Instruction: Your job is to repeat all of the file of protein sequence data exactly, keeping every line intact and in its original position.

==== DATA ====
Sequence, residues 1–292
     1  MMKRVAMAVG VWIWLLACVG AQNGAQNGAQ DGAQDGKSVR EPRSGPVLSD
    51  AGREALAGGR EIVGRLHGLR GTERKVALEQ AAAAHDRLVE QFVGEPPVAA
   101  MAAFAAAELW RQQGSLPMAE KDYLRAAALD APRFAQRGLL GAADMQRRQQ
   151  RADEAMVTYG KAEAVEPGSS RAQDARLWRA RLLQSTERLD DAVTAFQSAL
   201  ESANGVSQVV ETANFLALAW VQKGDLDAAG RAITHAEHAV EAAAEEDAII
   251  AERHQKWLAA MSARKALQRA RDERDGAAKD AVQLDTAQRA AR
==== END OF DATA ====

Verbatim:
Sequence, residues 1–292
     1  MMKRVAMAVG VWIWLLACVG AQNGAQNGAQ DGAQDGKSVR EPRSGPVLSD
    51  AGREALAGGR EIVGRLHGLR GTERKVALEQ AAAAHDRLVE QFVGEPPVAA
   101  MAAFAAAELW RQQGSLPMAE KDYLRAAALD APRFAQRGLL GAADMQRRQQ
   151  RADEAMVTYG KAEAVEPGSS RAQDARLWRA RLLQSTERLD DAVTAFQSAL
   201  ESANGVSQVV ETANFLALAW VQKGDLDAAG RAITHAEHAV EAAAEEDAII
   251  AERHQKWLAA MSARKALQRA RDERDGAAKD AVQLDTAQRA AR